Video capture tops out at 24 frames-per-second in 4K recording mode and 30 frames-per-second in 1080p recording mode. I recorded video while driving down my suburban streets, and was impressed with the phone's ability to maintain exposure, though with no image stabilization, the scene can get pretty jarring if you don't hold the phone still.
Almost stock, with neat add-ons
The Droid Turbo runs near-stock Android 4.4.4 KitKat, though it will soon get an update to Android 5.0 Lollipop. The interface is plain vanilla for the most part, and will require some tender love and care when you first bring it home. It also doesn't utilize the nifty Google Launcher on phones like the Nexus 5, where Google Now lives on its own Home screen.
However, you do have all of the Moto X's neat add-ons packed into the Droid Turbo, like Motorola Connect, Assist, Display, and always-on listening. Just like its flagship counterpart, these features work really well and you don't have to worry about them eating up battery life. There are also sensors that can detect when you're about to grab the phone so that it lights up with the appropriate information.
Because the Droid Turbo is a Verizon exclusive, you'll have to contend with Verizon's bloatware. This includes the carrier's own messaging and navigation apps, as well as Verizon "Protect," which scans for malware and blocks "risky" websites. I don't doubt that there are dangerous websites out there, but the bundled security app right out of the box reminds me of when I'd bring home a laptop and have to deal with whatever virus scanner would eat up all my memory.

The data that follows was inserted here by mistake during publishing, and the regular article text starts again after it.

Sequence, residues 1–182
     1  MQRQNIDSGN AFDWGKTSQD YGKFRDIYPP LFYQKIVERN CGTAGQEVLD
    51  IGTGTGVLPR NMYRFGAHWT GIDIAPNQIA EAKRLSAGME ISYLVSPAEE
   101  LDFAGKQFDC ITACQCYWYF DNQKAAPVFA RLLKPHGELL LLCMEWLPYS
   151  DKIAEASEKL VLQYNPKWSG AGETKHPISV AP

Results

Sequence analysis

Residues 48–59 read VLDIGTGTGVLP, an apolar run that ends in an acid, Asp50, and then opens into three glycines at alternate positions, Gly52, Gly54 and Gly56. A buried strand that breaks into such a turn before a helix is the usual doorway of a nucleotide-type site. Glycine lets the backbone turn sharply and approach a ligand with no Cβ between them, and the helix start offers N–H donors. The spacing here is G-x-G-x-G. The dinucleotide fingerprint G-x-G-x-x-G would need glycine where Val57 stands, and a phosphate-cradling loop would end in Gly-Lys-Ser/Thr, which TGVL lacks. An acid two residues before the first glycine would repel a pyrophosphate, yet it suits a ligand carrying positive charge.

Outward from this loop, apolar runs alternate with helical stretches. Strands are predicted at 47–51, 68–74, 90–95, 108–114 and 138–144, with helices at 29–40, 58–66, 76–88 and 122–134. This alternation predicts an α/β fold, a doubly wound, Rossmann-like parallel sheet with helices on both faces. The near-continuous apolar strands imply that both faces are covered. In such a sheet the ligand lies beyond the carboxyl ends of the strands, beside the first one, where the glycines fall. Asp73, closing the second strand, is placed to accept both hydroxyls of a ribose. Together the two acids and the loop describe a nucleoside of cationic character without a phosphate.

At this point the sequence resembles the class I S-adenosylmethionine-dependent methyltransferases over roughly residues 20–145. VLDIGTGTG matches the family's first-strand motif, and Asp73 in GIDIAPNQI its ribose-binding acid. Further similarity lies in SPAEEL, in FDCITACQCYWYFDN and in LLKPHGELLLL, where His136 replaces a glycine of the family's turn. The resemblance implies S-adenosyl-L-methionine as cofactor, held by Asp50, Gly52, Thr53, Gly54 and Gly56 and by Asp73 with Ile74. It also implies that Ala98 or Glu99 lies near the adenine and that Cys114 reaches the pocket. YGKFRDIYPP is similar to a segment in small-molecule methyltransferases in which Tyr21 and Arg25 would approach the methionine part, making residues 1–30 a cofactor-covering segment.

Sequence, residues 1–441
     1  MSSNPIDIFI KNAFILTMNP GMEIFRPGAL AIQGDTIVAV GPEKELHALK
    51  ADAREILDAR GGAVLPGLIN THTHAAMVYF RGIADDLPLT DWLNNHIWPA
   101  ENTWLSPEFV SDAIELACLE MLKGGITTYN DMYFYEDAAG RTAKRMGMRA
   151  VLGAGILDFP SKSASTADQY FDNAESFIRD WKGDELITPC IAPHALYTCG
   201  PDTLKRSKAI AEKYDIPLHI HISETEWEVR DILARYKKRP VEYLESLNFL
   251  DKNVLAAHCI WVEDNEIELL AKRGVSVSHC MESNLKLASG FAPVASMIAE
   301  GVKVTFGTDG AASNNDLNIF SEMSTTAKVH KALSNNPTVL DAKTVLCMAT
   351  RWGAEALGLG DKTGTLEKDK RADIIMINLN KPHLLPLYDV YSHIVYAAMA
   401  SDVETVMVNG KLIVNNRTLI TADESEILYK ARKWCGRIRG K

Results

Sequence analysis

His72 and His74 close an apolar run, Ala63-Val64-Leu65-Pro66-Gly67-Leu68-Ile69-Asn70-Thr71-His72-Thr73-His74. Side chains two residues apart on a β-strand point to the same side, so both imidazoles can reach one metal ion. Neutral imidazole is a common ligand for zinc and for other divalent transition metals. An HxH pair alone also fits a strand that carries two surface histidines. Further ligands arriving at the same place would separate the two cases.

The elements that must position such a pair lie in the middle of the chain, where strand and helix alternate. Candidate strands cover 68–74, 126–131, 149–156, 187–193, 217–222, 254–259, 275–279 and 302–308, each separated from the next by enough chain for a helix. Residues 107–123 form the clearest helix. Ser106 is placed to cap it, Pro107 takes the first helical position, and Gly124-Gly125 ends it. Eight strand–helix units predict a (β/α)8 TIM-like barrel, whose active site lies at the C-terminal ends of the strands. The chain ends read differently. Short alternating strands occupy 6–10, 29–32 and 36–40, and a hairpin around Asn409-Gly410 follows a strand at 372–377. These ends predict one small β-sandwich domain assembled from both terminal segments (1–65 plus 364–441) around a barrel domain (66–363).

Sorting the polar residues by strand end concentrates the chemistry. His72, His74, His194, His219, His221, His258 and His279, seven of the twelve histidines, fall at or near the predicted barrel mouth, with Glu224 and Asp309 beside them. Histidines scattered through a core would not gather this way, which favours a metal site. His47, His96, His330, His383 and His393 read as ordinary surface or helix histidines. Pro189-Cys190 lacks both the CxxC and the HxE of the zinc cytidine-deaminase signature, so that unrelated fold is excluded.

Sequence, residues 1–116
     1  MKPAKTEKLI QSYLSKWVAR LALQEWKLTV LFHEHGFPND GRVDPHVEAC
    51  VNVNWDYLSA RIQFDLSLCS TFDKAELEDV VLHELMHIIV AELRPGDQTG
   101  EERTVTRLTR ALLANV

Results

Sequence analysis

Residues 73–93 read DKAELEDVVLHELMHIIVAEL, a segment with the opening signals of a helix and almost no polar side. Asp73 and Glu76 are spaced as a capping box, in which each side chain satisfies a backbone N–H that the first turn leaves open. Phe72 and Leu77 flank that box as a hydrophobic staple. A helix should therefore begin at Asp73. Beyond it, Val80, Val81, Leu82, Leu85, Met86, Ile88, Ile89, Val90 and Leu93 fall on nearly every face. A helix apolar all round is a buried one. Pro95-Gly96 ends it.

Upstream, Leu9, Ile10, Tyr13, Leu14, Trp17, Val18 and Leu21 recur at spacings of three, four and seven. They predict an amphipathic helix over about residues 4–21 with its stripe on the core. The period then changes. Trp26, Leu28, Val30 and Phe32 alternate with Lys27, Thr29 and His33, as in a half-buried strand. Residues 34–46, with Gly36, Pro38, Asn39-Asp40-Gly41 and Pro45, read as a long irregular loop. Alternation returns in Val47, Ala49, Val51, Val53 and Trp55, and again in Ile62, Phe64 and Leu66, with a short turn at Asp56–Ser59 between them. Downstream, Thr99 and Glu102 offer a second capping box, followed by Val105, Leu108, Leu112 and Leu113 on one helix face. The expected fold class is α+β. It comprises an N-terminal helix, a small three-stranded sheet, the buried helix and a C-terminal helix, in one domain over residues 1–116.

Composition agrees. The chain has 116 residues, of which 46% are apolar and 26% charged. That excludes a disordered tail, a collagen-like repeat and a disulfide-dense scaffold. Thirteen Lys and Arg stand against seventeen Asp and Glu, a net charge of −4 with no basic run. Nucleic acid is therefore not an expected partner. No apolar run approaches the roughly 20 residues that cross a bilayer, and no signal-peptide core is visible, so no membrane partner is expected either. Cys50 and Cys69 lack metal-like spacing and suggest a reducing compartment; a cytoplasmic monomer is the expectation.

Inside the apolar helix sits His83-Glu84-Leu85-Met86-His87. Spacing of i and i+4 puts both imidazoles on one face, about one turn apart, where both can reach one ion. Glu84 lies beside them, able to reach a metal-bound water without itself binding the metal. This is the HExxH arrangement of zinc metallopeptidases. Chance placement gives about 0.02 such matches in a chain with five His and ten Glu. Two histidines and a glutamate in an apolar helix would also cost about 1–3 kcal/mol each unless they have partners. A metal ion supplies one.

You can disable any of these Verizon apps in the application manager, but you can't entirely remove them. Also, be careful not to make Verizon's Navigator your default Maps application, either, because it will either charge you 99 cents for every day that you use it.
It's too bad this phone is exclusive to one carrier
I am truly impressed by what Motorola has to offer with the new Droid Turbo, but I'm disappointed that it's limited to Verizon Wireless users. It's a fantastic device despite the boring design, and truly showcases Motorola's abilities for making powerful hardware. It's really a shame that this isn't the Moto X, because the Droid Turbo's high-end specs and the Moto X's customizable chassis would have probably made this the best phone of the year.
For now, if you're locked in to Big Red and are looking for an all-around great phone that can do just a little bit more than your friend's — and you don't mind its uninspiring, utilitarian design — the Droid Turbo is worth your consideration.
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